Luis Garza, head of Comunidades Unidas
Several months ago City Weekly
highlighted concerns among immigration advocates that Senate Bill 184, which came into effect on July 1, 2015, would sow fear and despair in Utah's undocumented community.
The story, Wolf's Mouth
, explored the ramifications of Utah asking the FBI to use its national database to do background checks on undocumented residents applying to renew their Driver's Privilege Card (DPC).
Advocates feared that immigrants who had illegally returned to the United States after visiting family members abroad, been caught, deported and then successfully made it back to Utah, would choose to drive without a privilege card license rather than face being red-flagged to Immigration and Customs Enforcement (ICE). Under the new law, Utah intended to share the information it got from the FBI with Utah's ICE through a secure website.
But mounting concern among Utah's undocumented population about the possibility of ICE identifying significant numbers of immigrants with illegal re-entry histories appears to be receding, since the FBI has effectively pulled the plug on the law.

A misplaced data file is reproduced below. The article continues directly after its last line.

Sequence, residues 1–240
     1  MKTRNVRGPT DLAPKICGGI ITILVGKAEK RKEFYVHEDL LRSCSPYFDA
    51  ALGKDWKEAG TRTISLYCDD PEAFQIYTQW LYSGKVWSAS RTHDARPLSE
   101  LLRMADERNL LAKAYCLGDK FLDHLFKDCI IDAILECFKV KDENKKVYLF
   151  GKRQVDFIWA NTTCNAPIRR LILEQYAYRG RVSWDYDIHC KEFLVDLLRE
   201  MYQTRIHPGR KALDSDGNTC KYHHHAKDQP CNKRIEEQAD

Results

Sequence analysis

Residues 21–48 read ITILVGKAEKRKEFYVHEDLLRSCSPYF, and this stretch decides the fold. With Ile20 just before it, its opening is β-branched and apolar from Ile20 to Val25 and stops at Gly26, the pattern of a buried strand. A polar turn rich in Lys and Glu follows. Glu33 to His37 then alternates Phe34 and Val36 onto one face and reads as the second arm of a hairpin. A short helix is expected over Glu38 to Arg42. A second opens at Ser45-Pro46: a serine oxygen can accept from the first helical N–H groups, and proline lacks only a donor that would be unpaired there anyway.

According to a June 30, 2015 news story
in The Salt Lake Tribune
by Lee Davdison, the FBI informed Utah it cannot access the database to do background checks, because its policies forbid the sharing of information from the database even with other federal agencies.
For now, undocumented immigrants need not fear that Utah is passing along information to the FBI. And Utah—in its efforts to identify undocumented immigrants with criminal histories—must continue to rely on state databases and a regional criminal database.
Comunidades Unidas' executive director Luis Garza welcomed the news. "We are happy about the FBI's decision," he says. "Our community will feel more comfortable applying for the DPC."